Categories: black coat

Black Panther Film Improves Popularity of Black Cats

The recently released film Black Panther, which is doing so well in earning $400 million in 10 days, but being the exact opposite of the sort of film that I like, has dramatically increased the popularity of black cats. I hope that this is brilliantly good news because, as all of us know, black cats are the last ones to be adopted at cat shelters. I must add that there is caution in my feelings about this development. I am worried that this is a fad, a temporary spike.

If so the people adopting black cats will give them back to shelters once the effects of the film have waned. Is this ‘impulse buying’? My point is that if people can be swayed so effectively in their opinions about black cats by a CGI fantasy film it does seem that they are taking a shallow approach to making a decision creating a lifelong commitment.

Bombay cat - a jet black purebred black cat. Photo: copyright Helmi Flick.

Black cats have perhaps the most unpopular coat type which is partly because of superstition and partly because they are difficult to photograph which means that their owners encounter difficulties taking a good quality selfie of themselves and their cat. That said even before people were taking selfies black cats were still unpopular.

But great news excepting for my reservation mentioned above. People are naming their black cats after the characters in the film. “Black Panther” refers to jaguars, leopards and mountain lions which are melanistic which means that they have very dark coats, almost black with ghost spots and colorations except for the mountain line which has no spots.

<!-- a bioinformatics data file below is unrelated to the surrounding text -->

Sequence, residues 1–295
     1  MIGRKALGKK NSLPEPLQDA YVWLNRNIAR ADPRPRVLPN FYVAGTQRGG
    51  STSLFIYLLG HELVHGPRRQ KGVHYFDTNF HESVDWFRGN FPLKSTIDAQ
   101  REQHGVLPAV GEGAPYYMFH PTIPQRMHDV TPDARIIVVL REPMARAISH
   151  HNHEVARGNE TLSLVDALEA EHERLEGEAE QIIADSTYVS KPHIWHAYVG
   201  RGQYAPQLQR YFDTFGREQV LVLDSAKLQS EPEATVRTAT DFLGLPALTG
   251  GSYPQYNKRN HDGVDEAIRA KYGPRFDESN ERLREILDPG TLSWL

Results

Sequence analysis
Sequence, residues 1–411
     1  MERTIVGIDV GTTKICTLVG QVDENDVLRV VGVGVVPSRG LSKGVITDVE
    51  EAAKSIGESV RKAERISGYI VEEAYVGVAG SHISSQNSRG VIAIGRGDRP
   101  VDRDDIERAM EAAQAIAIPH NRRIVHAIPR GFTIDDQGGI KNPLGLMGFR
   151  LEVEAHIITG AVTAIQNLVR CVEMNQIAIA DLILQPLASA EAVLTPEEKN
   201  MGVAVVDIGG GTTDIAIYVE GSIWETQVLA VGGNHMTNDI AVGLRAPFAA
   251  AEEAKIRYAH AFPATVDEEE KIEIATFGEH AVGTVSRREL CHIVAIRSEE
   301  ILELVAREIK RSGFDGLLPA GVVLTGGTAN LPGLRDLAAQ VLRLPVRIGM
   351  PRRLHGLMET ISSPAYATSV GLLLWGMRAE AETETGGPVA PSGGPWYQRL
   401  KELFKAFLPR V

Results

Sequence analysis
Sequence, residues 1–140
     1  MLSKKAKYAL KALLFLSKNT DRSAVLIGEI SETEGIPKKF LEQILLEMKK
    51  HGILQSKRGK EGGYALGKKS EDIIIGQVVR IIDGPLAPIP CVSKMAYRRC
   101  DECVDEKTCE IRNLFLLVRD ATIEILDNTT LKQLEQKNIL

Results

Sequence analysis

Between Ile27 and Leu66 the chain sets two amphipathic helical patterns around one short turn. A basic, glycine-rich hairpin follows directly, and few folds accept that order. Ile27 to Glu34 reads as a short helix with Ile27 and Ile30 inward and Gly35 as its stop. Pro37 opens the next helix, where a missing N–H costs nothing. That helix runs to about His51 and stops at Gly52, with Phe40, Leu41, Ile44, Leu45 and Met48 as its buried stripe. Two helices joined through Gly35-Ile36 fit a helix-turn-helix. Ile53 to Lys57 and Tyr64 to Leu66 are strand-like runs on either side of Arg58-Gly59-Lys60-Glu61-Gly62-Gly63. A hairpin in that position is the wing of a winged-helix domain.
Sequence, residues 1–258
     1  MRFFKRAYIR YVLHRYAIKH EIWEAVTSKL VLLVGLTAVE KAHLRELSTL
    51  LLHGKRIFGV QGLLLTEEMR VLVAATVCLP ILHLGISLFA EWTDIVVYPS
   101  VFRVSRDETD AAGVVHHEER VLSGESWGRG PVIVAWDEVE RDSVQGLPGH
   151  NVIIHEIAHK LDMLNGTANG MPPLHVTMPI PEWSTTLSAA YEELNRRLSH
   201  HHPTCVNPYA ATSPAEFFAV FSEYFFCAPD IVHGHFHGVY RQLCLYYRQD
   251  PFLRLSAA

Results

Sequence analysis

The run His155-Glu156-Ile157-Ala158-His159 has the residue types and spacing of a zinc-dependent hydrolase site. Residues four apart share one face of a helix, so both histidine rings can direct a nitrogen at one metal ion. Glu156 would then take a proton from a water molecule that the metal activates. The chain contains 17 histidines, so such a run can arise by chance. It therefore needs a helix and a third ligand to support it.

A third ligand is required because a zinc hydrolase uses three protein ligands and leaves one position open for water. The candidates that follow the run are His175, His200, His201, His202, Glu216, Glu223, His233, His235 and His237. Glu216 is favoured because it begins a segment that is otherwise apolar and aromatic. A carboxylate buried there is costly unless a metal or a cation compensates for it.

Obviously people can’t adopt one of these big wild cats and therefore the next best thing is a beautiful, jet black domestic cat.

One blogger declared to the world excitedly that the benefit of the Black Panther movie is that her local pet shelters went from having around 60 black cats languishing in cages waiting for an adopter to there being none left in the shelter. She said that they’ve all been adopted out and named after the characters in the film. The most popular name is T’challa, followed by Okoyes and Shuris.

This is a surprising blessing. I doubt whether it will last but even a short burst of enthusiasm for the black cat while this film is on release will be welcome at cat shelters across the country in the USA and in Europe.

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Michael Broad

Hi, I'm a 71-year-old retired solicitor (attorney in the US). Before qualifying I worked in many jobs including professional photography. I have a girlfriend, Michelle. I love nature, cats and all animals. I am concerned about their welfare.

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